Atlantic Books, Australia, Author, Book review, Fiction, Joan London, literary fiction, Publisher, Setting

‘The Good Parents’ by Joan London


Fiction – Kindle edition; Atlantic Books; 369 pages; 2009.

Australian author Joan London is probably best known for her novel Gilgamesh, which was published in 2001 and garnered critical acclaim in Australia, the UK and USA. The Good Parents, published seven years later, is her second novel.

Missing teenager

When the story begins we see events unfold through the eyes of 18-year-old Maya, a naive country girl from Western Australia (WA), who is working as a personal assistant in Melbourne. She’s having an affair with her much older boss, Maynard,whose wife has cancer. When Maynard’s wife dies, he decides to shut up shop and head elsewhere, possibly to Asia, taking Maya with him.

But instead of following Maya’s storyline, the book dramatically switches to that of her parents, the beautiful Toni and the dreamy artistic Jacob, who arrive in Melbourne expecting to spend a couple of weeks with their teenage daughter. But she has gone and not even her flatmate seems to know where she might be.

Under the guise of searching for her, Toni and Jacob go sightseeing instead. But when Jacob injures his foot, he is confined indoors, and for some inexplicable reason Toni heads to a Buddhist retreat. This allows both to reflect on their lives, including their childhoods in WA and their subsequent meeting and fleeing city life together in the 1960s.

Their individual stories, which gently unfold in alternate chapters, reveal how both have never had the chance to live up to their full potential, except maybe as parents (hence the title).

Richly layered novel

This is a richly layered story of two people caught up in generational change, whomade poor decisions (either  by choice or circumstance) — Toni married the shady Cy Fisher, while Jacob never followed his dream to be a writer and distracted himself with unimportant work whenever crucial events occurred in his life in order not to think about them. Their own children seem just as perplexed about the real world.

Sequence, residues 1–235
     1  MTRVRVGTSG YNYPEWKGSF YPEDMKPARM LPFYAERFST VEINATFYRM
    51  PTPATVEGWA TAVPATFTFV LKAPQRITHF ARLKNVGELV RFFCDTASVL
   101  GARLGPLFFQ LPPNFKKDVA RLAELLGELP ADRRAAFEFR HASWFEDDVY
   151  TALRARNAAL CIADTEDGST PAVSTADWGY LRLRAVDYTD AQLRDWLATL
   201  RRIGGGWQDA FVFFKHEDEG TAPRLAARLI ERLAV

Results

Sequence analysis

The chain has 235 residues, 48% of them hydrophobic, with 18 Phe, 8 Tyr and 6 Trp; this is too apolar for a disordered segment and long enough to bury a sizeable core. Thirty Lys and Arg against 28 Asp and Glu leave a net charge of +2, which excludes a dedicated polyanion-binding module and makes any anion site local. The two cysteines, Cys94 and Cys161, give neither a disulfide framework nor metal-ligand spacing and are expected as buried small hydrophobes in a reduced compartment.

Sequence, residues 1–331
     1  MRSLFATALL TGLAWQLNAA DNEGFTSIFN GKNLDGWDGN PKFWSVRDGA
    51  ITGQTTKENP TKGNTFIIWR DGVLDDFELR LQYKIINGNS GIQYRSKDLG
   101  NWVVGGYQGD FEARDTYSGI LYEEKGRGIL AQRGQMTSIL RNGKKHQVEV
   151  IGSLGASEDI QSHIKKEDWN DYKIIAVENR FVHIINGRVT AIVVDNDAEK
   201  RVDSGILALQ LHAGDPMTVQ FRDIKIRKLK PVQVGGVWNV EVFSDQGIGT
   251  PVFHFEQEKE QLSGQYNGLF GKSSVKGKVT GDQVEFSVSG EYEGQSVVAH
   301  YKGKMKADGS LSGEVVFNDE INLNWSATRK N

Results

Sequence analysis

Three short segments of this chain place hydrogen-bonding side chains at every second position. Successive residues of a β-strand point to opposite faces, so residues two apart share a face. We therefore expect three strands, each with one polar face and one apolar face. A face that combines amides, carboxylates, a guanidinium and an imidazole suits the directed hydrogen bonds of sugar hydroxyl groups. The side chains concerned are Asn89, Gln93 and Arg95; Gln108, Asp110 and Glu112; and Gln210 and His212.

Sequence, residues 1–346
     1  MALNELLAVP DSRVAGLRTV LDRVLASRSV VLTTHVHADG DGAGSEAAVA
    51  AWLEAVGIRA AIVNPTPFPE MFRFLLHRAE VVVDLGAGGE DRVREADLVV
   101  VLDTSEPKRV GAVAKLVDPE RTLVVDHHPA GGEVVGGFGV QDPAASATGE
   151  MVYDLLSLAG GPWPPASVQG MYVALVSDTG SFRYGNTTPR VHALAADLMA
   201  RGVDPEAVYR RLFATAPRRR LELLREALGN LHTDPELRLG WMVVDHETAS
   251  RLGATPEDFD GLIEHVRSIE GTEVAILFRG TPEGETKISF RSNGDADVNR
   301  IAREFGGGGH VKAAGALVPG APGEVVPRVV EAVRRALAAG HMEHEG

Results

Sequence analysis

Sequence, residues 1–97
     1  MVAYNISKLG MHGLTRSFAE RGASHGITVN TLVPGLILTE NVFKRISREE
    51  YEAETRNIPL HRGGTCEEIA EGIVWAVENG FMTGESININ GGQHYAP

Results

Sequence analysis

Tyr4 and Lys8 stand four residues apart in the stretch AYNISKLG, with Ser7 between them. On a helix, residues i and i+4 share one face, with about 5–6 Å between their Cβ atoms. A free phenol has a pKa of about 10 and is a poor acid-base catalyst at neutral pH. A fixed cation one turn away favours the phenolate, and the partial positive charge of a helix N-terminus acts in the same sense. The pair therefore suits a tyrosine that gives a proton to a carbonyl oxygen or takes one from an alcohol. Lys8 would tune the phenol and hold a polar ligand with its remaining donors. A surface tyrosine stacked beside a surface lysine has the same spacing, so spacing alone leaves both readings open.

Eventually, the novel returns to Maya, who is living in Brisbane with an increasingly distant and violent Maynard. The book’s resolution, in which Maya is rescued by Cy Fisher, does rely on a somewhat preposterous and unlikely series of coincidences.


And if it wasn’t for this poor ending, I would have heartily recommended this book to all and sundry. But note, this is the only weak point in this rather beaut novel.

For another, much more intellectual, take on this novel, please see Lisa of ANZLitLover’s review.

7 thoughts on “‘The Good Parents’ by Joan London”

  1. I read this book a couple of years ago as I was a big fan of Gilgamesh. I can’t say I enjoyed it much – from memory I found the characters ineffectual and frustrating. Perhaps it was the poor ending that had the most influence on me…


  2. Thanks, Lisa. Its quite an unexpected novel in many ways, and as much as I loathe the term book club book, I do think this would make a good one for groups, because there are so many things in it to discuss. I got the sense of history repeating in this family, too, and that both Toni and Maya had lucky escapes…


  3. I havent read Gilgamesh. Did you like that one better?
    Interesting you found the characters in The Good Parents ineffectual and frustrating… It did annoy me that they seemed so incapable of action (in terms of searching for their daughter), but when you see their individual back stories you come to realise that that is simply the kind of people they are; they tend to be passive and let their lives be shaped by events rather than trying to do any of the shaping themselves.


  4. Passivity is a pet hate of mine so I guess that’s why this book did not gel with me. I really enjoyed Gilgamesh, I can’t remember much of the detail but loved the historical slant.


  5. I read this a few years ago too. I remember enjoying it, although it wasn’t typical of much of my reading at the time. I definitely got the frustration of Toni and Jacob, but can’t now remember the ending!


  6. And here I was thinking only Australians would know about this book! Glad to hear you read it even if you don’t remember the (rather lame) ending, which essentially involves Maya being found and taken back to her family. It all just seemed a little too neat (and predictable) for my liking.


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